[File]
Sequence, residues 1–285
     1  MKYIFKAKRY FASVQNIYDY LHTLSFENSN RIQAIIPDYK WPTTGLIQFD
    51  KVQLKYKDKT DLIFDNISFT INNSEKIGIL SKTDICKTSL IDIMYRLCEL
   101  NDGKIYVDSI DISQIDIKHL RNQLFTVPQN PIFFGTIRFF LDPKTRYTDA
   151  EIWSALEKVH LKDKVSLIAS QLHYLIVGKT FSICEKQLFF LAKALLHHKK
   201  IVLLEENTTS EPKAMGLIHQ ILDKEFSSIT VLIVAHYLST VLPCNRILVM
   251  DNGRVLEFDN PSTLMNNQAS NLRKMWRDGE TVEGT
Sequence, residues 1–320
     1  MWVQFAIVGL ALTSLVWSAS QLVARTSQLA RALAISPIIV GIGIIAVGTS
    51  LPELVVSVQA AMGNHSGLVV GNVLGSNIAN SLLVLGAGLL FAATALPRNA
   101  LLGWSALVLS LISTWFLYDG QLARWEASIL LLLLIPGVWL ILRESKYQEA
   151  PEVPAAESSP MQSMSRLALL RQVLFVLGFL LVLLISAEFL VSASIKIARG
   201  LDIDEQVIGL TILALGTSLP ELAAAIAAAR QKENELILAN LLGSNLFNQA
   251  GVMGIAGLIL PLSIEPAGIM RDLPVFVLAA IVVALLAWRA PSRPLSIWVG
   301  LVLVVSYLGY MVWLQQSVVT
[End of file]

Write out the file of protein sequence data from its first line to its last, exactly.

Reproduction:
Sequence, residues 1–285
     1  MKYIFKAKRY FASVQNIYDY LHTLSFENSN RIQAIIPDYK WPTTGLIQFD
    51  KVQLKYKDKT DLIFDNISFT INNSEKIGIL SKTDICKTSL IDIMYRLCEL
   101  NDGKIYVDSI DISQIDIKHL RNQLFTVPQN PIFFGTIRFF LDPKTRYTDA
   151  EIWSALEKVH LKDKVSLIAS QLHYLIVGKT FSICEKQLFF LAKALLHHKK
   201  IVLLEENTTS EPKAMGLIHQ ILDKEFSSIT VLIVAHYLST VLPCNRILVM
   251  DNGRVLEFDN PSTLMNNQAS NLRKMWRDGE TVEGT
Sequence, residues 1–320
     1  MWVQFAIVGL ALTSLVWSAS QLVARTSQLA RALAISPIIV GIGIIAVGTS
    51  LPELVVSVQA AMGNHSGLVV GNVLGSNIAN SLLVLGAGLL FAATALPRNA
   101  LLGWSALVLS LISTWFLYDG QLARWEASIL LLLLIPGVWL ILRESKYQEA
   151  PEVPAAESSP MQSMSRLALL RQVLFVLGFL LVLLISAEFL VSASIKIARG
   201  LDIDEQVIGL TILALGTSLP ELAAAIAAAR QKENELILAN LLGSNLFNQA
   251  GVMGIAGLIL PLSIEPAGIM RDLPVFVLAA IVVALLAWRA PSRPLSIWVG
   301  LVLVVSYLGY MVWLQQSVVT